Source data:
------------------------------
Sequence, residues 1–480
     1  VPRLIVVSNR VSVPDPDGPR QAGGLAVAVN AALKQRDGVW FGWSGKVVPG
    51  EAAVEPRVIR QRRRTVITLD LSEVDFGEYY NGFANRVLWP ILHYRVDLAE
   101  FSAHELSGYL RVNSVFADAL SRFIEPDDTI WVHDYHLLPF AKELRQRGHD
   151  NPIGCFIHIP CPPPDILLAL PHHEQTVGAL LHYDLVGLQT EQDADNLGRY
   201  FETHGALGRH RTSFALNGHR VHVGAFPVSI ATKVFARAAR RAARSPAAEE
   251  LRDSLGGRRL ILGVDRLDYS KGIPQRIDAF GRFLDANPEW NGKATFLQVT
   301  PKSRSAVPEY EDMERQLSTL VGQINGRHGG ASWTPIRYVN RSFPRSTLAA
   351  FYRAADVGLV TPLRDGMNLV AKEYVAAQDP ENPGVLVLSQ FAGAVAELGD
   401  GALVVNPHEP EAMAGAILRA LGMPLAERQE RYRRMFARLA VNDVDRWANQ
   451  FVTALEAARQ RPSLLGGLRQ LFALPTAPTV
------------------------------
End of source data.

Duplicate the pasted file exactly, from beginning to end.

Sequence, residues 1–480
     1  VPRLIVVSNR VSVPDPDGPR QAGGLAVAVN AALKQRDGVW FGWSGKVVPG
    51  EAAVEPRVIR QRRRTVITLD LSEVDFGEYY NGFANRVLWP ILHYRVDLAE
   101  FSAHELSGYL RVNSVFADAL SRFIEPDDTI WVHDYHLLPF AKELRQRGHD
   151  NPIGCFIHIP CPPPDILLAL PHHEQTVGAL LHYDLVGLQT EQDADNLGRY
   201  FETHGALGRH RTSFALNGHR VHVGAFPVSI ATKVFARAAR RAARSPAAEE
   251  LRDSLGGRRL ILGVDRLDYS KGIPQRIDAF GRFLDANPEW NGKATFLQVT
   301  PKSRSAVPEY EDMERQLSTL VGQINGRHGG ASWTPIRYVN RSFPRSTLAA
   351  FYRAADVGLV TPLRDGMNLV AKEYVAAQDP ENPGVLVLSQ FAGAVAELGD
   401  GALVVNPHEP EAMAGAILRA LGMPLAERQE RYRRMFARLA VNDVDRWANQ
   451  FVTALEAARQ RPSLLGGLRQ LFALPTAPTV